Allyship During and Beyond Pride

It’s Pride Month, which for many companies means sharing an often hollow statement on their support for the LGBTQIA2+ community while changing their logos to include the rainbow flag. During June, you can’t overlook the flood of pride-themed materials in our inboxes, social media feeds, and all aspects of our lives. As we celebrate the continued visibility that Lesbian, Gay, Bisexual, Transgender, Queer, Intersex, Asexual, and Two-Spirit (LGBTQIA2+) people have this month, it’s important to remember that Pride began as a protest. It is and has always been political. Pride is a time to center those often left on the margins actively. Signals of allyship only mean something if active and intentional steps are taken on the individual and company level to support those in the LGBTQIA2+ community. If you are ready to move beyond the general lip service that Pride month can sometimes produce, here are some things that you and your organization can do better to show up for the LGBTQIA2+ community during June and year-round: 

  1. If your organization is going to change its logo for Pride, use the Progress Pride flag, developed in 2018 by Daniel Quasar, a non-binary American artist and designer. The Progress Pride flag adds a five-colored chevron to the classic Rainbow Flag to emphasize inclusion and progression. Within the flag are black and brown stripes, which represent marginalized LGBTQIA2+ communities of color, and the Transgender Pride flag’s pink, light blue, and white colors. 
  2. Many transgender, non-binary, genderfluid, and non-conforming people use pronouns that might not match your assumptions. If you are not sure of a person’s pronouns, share your pronouns with them first, then ask them for theirs. First, sharing your pronouns helps signal that you are being thoughtful about such things. If you misgender or use the wrong pronouns, apologize and correct yourself. People’s preferred pronouns are not optional. So practice.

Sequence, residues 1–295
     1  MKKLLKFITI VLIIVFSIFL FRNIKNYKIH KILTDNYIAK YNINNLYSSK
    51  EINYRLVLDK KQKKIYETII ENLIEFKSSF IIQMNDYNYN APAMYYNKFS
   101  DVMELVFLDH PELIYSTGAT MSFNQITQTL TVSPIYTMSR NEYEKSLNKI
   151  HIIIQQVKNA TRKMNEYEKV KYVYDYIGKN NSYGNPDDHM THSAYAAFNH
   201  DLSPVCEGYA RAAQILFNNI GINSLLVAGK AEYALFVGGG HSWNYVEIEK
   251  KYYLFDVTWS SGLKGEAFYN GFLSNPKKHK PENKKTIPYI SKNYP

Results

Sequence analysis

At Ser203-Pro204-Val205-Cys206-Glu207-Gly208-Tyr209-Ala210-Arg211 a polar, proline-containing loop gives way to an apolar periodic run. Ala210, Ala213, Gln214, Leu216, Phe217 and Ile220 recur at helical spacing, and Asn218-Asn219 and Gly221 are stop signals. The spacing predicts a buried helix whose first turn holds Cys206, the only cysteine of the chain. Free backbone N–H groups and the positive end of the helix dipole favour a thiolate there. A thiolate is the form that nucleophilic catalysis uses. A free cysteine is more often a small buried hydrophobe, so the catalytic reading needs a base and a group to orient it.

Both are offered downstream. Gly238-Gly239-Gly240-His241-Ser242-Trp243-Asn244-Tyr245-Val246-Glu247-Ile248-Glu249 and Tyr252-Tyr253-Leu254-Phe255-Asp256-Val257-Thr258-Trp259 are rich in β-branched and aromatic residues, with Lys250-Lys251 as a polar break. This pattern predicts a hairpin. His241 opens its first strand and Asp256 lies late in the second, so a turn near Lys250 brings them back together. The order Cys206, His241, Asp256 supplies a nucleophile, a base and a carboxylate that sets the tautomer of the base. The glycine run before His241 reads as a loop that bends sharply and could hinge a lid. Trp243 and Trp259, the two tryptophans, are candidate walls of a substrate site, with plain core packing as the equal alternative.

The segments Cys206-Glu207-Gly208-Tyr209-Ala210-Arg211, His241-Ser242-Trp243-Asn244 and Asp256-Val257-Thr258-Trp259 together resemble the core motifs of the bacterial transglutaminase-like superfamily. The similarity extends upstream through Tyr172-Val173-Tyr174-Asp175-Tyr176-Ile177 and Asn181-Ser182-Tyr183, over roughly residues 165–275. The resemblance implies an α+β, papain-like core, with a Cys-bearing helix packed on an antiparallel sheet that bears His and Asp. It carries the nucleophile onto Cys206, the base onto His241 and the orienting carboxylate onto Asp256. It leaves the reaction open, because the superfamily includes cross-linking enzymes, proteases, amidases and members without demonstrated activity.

3. Do not deadname. What is a deadname, you ask? It is the birth name a trans person discards if they change their name as part of their gender transition. Many trans people have not had their legal name changed, so they have IDs, resumes, and other official records under their deadname. When addressing trans people, always use a person’s chosen name. When in doubt, ask. 
  4. How can you make your workplace safer and more supportive for LGBTQIA2+ team members during and beyond Pride?
    • Review your organization’s policies and benefits. Is there at least one healthcare plan that includes a comprehensive range of gender-affirming therapies, surgeries, and procedures (e.g., counseling, hormone replacement therapy (HRT), voice training, top surgery, bottom surgery, etc.)? If there isn’t, push your company to implement one.
    • Review your organization’s leadership. Who is in the room when major decisions that affect LGBTQIA2+ team members are made? Whose voices would add valuable perspective to these discussions?? 

Pride month is a chance to celebrate and center LGBTQIA2+ people by taking the active initiative. Beyond the colors, the logos, the flags, and the statements let’s all continue to do better and be better to Change the Face of Talent.

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